Setting Kids Up to Hate Reading: Response to Oregonian
Look at the headline in The Oregonian: Too Many Oregon Students Unready for Kindergarten State Officials Lament.
Susan DuFresne made the appropriate comment on Twitter:
What sober person gives standardized tests to a kindergartener? Someone who's never actually met a 5-year-old?
The test showed that Oregon kindergartners arrived at school last fall knowing only 19 capital and lower-case letters and just seven letter sounds out of at least 100 possible correct answers.
The paper published headlines such as these:
Sherwood kindergartners outperform statewide peers on Oregon skills assessment
Hillsboro's kindergartners enter school knowing fewer letters and sounds than state average
So the skills race is on. Call it the kindergarten rat race. Kindergartners are supposed to enter school knowing their letters and sounds. That's why we need pre-school--to prepare kids earlier and earlier for the rat race.
And note that this rat race is for "those" kids. Children attending the Chicago Lab School, to name just one private school, the one attended by Arne Duncan and the Obama girls, the expectations are quite different from these Oregon expectations:
Experiences We Want Children to Have in Kindergarten: The first one listed is Collaborative pretend play.
Here's an outstanding commentary on the article below.
Setting Children Up to Hate Reading
by Nancy Bailey
Any educator or parent who understands the beauty of reading and the importance of helping a child learn to do it right was appalled to read two recent articles about the subject. Both should make all of us concerned that children are being set up to hate reading. They are being pushed to read earlier than ever before!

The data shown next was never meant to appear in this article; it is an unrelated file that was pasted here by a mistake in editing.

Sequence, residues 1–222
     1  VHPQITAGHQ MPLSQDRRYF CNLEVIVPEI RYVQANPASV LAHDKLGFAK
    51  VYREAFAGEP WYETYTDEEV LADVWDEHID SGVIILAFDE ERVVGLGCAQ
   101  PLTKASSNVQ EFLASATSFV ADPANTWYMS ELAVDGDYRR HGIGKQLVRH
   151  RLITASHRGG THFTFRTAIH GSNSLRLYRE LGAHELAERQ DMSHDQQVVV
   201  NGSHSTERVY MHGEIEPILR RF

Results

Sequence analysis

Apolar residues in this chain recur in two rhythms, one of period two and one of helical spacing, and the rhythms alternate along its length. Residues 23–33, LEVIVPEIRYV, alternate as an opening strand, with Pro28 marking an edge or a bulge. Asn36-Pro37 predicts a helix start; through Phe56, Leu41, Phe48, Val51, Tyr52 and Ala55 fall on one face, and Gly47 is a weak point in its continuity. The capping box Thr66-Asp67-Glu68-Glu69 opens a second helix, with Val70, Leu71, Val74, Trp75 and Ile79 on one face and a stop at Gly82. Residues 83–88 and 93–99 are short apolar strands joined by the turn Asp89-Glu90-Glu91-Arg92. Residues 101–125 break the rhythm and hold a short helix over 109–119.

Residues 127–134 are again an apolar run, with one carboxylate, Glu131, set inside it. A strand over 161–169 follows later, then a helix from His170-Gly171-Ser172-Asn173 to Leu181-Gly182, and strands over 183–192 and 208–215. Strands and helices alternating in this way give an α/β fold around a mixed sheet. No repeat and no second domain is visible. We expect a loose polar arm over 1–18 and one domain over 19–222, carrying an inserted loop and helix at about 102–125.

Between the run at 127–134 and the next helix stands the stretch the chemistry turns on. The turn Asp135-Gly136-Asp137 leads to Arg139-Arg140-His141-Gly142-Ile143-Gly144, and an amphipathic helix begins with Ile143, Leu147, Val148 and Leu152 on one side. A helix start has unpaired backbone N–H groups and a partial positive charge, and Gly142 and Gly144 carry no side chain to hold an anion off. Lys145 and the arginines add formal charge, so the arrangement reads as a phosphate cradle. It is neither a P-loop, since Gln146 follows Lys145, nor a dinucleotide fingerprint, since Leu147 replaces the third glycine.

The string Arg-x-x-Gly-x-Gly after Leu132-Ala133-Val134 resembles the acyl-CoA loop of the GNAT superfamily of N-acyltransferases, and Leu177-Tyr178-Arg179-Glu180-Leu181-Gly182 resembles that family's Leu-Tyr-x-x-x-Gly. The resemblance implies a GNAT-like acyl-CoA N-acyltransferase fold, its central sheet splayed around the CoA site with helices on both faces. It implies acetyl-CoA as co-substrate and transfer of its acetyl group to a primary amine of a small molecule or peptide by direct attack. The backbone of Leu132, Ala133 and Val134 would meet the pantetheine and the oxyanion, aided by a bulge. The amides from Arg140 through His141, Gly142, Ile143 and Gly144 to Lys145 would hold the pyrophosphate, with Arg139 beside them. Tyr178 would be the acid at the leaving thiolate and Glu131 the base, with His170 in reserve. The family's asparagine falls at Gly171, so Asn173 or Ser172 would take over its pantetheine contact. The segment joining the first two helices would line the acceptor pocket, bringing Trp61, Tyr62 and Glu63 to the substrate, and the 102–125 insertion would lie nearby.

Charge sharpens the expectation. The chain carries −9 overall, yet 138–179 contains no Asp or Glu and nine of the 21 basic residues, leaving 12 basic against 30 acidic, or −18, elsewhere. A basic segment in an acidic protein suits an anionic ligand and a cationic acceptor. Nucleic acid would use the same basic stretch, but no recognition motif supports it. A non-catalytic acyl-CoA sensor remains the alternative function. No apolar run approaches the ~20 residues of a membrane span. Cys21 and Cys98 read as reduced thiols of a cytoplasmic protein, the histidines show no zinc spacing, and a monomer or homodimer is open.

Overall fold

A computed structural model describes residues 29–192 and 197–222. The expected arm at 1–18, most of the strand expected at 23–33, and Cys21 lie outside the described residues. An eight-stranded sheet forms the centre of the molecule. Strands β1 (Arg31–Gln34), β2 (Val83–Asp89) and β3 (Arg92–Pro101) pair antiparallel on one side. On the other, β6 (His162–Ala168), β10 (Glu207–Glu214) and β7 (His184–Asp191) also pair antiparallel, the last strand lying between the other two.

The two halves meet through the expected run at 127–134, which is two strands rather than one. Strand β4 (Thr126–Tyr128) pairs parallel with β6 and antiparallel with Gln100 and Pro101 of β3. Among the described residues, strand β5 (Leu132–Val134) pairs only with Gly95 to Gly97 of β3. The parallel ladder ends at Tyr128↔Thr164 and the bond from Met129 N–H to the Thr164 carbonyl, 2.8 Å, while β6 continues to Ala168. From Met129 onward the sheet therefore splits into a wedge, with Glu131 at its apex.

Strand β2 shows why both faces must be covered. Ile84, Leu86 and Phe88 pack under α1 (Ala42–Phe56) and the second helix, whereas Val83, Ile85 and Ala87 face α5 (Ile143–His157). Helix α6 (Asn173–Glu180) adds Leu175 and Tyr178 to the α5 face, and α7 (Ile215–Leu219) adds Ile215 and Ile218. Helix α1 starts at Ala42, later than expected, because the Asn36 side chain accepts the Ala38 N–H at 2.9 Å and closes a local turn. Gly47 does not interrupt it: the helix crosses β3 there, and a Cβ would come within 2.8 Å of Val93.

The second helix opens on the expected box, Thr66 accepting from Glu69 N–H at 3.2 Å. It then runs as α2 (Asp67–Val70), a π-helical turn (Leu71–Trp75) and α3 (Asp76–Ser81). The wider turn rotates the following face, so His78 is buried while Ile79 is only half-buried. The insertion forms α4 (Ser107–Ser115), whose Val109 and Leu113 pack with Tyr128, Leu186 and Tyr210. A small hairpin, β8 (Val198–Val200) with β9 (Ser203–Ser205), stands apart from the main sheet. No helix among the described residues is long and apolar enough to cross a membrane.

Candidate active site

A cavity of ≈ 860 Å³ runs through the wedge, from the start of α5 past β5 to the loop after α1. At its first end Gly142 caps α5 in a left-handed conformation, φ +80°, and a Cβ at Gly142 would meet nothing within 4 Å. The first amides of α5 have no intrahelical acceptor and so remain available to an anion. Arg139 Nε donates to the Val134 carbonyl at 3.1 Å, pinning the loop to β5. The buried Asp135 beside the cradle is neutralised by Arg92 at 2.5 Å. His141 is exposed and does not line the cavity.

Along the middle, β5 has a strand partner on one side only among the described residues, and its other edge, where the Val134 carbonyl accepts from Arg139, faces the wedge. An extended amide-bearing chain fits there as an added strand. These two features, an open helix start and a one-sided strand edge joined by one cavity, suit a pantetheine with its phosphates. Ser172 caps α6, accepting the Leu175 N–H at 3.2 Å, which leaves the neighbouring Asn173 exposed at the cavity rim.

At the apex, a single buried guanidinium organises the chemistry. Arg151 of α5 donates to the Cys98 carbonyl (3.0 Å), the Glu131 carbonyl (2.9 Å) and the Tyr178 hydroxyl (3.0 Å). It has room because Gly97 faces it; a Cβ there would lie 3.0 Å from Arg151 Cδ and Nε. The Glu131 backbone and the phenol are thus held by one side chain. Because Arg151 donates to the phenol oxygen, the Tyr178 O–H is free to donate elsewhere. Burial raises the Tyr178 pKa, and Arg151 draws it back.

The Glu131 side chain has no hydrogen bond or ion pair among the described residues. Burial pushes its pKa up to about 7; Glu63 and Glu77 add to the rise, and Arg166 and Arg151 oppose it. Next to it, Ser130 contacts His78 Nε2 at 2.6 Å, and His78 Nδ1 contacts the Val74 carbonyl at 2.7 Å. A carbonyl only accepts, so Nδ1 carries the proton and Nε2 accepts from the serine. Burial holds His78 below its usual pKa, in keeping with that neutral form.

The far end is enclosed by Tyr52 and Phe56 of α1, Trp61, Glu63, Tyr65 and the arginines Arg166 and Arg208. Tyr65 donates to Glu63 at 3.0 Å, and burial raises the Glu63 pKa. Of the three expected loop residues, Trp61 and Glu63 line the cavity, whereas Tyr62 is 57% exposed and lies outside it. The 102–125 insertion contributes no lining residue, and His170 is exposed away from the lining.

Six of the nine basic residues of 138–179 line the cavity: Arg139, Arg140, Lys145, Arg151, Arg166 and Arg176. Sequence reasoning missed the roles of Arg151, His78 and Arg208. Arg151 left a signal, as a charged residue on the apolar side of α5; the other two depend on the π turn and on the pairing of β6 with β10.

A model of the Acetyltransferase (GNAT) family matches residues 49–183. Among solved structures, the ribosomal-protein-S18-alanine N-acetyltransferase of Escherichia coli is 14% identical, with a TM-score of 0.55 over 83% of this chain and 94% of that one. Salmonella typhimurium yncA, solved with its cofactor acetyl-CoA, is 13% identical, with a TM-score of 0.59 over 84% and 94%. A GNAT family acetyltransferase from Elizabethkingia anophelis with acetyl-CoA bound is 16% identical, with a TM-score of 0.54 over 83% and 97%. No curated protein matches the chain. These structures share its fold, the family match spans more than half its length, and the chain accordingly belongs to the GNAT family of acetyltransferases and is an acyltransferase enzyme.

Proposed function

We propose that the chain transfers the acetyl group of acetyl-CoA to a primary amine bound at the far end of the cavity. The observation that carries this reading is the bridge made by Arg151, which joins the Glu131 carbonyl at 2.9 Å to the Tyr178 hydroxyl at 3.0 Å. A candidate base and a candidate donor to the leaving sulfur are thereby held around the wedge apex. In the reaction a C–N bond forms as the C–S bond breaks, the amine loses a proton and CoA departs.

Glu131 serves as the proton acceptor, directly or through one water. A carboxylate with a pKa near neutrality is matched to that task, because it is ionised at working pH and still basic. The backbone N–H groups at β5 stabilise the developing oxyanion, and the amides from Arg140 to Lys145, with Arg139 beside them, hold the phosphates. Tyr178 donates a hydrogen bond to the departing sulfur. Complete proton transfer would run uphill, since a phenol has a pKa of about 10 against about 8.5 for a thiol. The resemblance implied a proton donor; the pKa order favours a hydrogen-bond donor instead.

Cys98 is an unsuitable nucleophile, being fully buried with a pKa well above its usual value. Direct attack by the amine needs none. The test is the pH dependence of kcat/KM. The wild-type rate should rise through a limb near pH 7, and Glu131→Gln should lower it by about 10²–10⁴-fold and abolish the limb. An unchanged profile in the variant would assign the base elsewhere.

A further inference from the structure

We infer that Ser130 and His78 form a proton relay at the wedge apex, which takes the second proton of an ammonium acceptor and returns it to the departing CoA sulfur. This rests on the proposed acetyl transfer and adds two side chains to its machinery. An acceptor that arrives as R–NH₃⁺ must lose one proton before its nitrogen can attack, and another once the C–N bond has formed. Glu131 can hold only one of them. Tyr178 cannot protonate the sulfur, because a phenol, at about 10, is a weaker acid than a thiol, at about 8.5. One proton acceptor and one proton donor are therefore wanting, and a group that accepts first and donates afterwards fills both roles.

Consider the February 1, 2014, headlines of The Oregonian: "Too Many Oregon Students Unready for Kindergarten State Officials Lament."
What is the crisis?
"The typical Oregon kindergartner arrived at school last fall knowing only 19 capital and lower-case letters and just seven letter sounds out of at least 100 possible correct answers, the state reported Friday."
"They also were shown a page with 110 letter sounds on it. The average kindergartner could pronounce just 6.7."
"Gov. John Kitzhaber, in prepared remarks, called the results 'sobering'"...
"'Things have changed in terms of what is expected when students start kindergarten,' said Jada Rupley, Oregon's early learning system director. 'We would hope they would know most of their letters and many of their sounds.'"
Politicians, venture philanthropists, and even the President, make early learning into an emergency. What's a poor kindergartener or preschooler to do when they must carry the weight of the nation on their backs--when every letter and pronunciation is scrutinized like never before?
Unfortunately, many kindergarten teachers have bought into this harmful message. Many have thrown out their play kitchens, blocks, napping rugs, and doll houses believing it is critical that children should learn to read in kindergarten!
A new study through the University of Virginia has determined that kindergarten is the new first grade! The study, by Bassok and Rorem, from the University of Virginia's Weldon Cooper Center for Public Service, "used two large nationally representative datasets to track changes in kindergarten classrooms between 1998 and 2006." They found "that in 1998, 31 percent of kindergarten teachers indicated that most children should learn to read while in kindergarten. By 2006, 65 percent of teachers agreed with this statement. To accommodate this new reality, classroom time spent on literacy rose by 25 percent, from roughly 5.5 to seven hours per week."
What's wrong with these high-stress pictures?
There is a mistaken idea of what young children should be able to do--what is age-appropriate. Here's a list of what "typical" children know upon entering kindergarten, from the National Center for Education Statistics report Entering Kindergarten: Findings from the Condition of Education 2000:
Sixty-six percent of children entering kindergarten recognize letters in the alphabet.